I was more than a little nervous by the time race day came. For a start, I’d been Googling the RAT and had found a number of Youtube videos and blog posts, all almost unanimous in the exclamations about how tough it was. “Those bloody steps go on forever” and words to that effect seemed to be a common turn of phrase. I wondered if I had trained enough. Adding to my nerves was the weather – a severe weather warning issued by the MET with winds of 45 MPG which, considering we would be running on the very exposed Cornish cliff path, was slightly worrying. I need not have worried about the wind – it was certainly blustery and I had to hold on to my cap several times to avoid losing it to the English channel, but otherwise the weather wasn’t too much of a problem. I can’t say the same about “those bloody steps” though! The first half of the run led me into a false sense of security – I was feeling strong and probably going faster than I should have. The steps, however, are mostly in the last 8 miles or so, and they do go on, and on, seemingly forever! By mile 17 I was getting cramps in my quads and calves, and feeling exhausted. By the final half mile I really was running on empty, and felt utterly beaten as I crossed the finish line. I collected my finisher’s medal, made a quick call home to my wife (who was concerned about the high winds) and then limped back to the car to drive home. I was in quite a bit of pain for the next 2 – 3 days and all I could think of was the fact that I couldn’t have gone another mile, let alone another 10 to make it an ultra distance… so by midweek I did the only sensible thing, I signed up for one anyway. But not a 30 miler… in for a penny in for a pound so I signed up for a 40 miler!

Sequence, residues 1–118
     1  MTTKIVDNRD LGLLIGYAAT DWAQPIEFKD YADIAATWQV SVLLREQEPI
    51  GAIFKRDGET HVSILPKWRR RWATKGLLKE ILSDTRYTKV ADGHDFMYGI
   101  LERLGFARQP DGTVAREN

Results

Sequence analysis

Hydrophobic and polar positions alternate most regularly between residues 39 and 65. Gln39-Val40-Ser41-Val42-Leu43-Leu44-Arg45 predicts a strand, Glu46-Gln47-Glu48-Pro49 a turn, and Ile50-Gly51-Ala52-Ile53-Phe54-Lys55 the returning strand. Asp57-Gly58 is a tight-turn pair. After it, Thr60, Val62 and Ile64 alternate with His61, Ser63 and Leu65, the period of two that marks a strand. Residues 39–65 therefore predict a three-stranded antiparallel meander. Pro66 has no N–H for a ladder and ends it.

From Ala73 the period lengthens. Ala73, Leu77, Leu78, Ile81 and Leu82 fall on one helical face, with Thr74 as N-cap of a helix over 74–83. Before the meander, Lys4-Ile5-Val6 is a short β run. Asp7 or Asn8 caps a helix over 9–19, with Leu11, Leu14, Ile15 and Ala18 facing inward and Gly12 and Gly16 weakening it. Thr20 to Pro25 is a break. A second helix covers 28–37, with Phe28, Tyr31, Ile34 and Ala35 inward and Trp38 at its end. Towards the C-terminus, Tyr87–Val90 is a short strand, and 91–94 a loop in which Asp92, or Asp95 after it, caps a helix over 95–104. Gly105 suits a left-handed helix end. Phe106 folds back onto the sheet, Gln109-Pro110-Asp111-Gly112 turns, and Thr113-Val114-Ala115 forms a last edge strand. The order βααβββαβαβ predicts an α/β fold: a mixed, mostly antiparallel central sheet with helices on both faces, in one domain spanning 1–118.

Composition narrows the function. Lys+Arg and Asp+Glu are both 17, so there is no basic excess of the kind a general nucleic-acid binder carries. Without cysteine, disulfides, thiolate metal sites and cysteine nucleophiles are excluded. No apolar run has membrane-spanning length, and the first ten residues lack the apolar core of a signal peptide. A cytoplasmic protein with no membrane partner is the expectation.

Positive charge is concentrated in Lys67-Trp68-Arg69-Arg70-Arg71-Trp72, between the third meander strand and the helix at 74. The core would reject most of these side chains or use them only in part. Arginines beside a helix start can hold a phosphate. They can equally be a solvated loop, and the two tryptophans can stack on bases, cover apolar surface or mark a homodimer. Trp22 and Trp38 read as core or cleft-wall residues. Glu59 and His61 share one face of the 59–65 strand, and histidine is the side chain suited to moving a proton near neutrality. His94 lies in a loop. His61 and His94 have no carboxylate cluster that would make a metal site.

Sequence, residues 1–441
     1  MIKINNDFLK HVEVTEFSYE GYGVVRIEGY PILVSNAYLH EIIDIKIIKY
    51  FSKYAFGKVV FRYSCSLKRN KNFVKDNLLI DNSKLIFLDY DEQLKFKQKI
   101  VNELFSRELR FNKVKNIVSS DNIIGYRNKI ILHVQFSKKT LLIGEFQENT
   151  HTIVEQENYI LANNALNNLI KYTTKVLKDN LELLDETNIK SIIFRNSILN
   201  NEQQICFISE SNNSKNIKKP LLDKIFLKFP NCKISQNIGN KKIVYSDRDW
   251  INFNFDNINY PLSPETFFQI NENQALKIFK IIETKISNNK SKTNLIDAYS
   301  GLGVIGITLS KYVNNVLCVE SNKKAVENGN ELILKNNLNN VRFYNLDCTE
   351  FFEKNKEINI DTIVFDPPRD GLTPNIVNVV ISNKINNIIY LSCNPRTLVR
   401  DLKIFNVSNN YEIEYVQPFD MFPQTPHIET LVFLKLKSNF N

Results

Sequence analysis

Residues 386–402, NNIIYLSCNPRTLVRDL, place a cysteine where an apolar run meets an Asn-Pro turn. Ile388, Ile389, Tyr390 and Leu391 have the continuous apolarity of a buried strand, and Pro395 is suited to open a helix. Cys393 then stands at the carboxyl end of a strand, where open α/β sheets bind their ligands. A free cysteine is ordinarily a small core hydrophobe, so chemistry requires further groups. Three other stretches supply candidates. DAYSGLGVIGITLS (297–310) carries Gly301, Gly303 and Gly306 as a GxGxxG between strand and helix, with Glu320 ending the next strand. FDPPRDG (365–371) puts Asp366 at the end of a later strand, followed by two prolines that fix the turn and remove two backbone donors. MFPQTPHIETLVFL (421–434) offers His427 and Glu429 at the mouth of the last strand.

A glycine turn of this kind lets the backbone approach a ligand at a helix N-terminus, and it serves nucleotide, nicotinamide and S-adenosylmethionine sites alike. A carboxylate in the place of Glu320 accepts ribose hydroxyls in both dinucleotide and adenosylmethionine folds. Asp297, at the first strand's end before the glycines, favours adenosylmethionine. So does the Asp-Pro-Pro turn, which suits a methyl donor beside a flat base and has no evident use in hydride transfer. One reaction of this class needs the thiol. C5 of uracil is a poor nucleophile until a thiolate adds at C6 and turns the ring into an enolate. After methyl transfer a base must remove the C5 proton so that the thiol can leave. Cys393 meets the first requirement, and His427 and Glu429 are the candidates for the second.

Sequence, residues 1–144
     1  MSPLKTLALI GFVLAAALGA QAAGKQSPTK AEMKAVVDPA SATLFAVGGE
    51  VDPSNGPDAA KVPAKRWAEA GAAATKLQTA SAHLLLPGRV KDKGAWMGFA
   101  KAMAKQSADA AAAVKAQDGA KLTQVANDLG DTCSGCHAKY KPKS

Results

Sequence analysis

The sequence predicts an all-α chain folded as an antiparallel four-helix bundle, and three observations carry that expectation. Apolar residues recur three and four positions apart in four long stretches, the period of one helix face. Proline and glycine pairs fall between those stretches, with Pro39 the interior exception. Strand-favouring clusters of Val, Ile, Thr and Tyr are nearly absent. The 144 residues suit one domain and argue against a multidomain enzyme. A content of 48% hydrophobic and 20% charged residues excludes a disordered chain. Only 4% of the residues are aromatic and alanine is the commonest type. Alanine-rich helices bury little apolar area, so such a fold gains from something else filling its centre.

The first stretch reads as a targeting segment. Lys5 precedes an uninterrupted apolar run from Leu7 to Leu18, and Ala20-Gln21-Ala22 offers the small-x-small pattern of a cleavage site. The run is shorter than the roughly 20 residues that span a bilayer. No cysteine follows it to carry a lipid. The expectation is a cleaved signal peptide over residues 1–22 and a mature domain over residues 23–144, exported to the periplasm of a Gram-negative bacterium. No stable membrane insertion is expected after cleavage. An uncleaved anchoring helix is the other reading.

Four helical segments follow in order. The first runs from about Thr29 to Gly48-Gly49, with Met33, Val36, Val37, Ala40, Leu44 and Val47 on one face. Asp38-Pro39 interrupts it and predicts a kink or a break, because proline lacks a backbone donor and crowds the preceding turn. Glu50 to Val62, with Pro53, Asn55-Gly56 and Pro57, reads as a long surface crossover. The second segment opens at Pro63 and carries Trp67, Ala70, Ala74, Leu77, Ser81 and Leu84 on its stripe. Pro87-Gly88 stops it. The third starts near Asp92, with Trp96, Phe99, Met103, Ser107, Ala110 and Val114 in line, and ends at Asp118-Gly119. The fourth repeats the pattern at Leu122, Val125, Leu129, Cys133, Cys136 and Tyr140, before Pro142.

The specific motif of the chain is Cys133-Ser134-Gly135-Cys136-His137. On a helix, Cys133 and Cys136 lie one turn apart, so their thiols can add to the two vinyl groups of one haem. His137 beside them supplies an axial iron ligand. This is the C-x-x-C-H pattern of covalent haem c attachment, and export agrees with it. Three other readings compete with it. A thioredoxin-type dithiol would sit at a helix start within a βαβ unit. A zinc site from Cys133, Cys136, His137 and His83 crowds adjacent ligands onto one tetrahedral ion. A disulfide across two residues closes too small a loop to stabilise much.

I had decided that at least part of my problem with cramps was probably due to my nutrition. I was only drinking water, and eaten a couple of cereal bars. I’d also started off too fast for the first few miles, and massively underestimated those hills and steps. I once again revised my training, started experimenting/practicing with nutrition on my longer training runs, and started integrating more hills into my training. This time I had about 8 weeks to go, and my longest training run was around 24 miles – I felt better at the end of that then I had at the end of the 20 mile RAT, but I still felt like I was done by the end, I could have slogged out another mile or two but never another 16.

Race day arrived, I once again had an early breakfast and got dropped to the event without any issues. It was a point to point race this time on the north Cornish coast path starting at Newquay’s Fistral Beach and ending near Hayle. I’d be attempting to run almost twice as far as I’d ever ran before, and I had no idea if I could do it, but I had no intention of quitting. My plan was simple – keep the pace slow at the start, eat regularly and take on plenty of electrolytes… and don’t stop until I reach the end!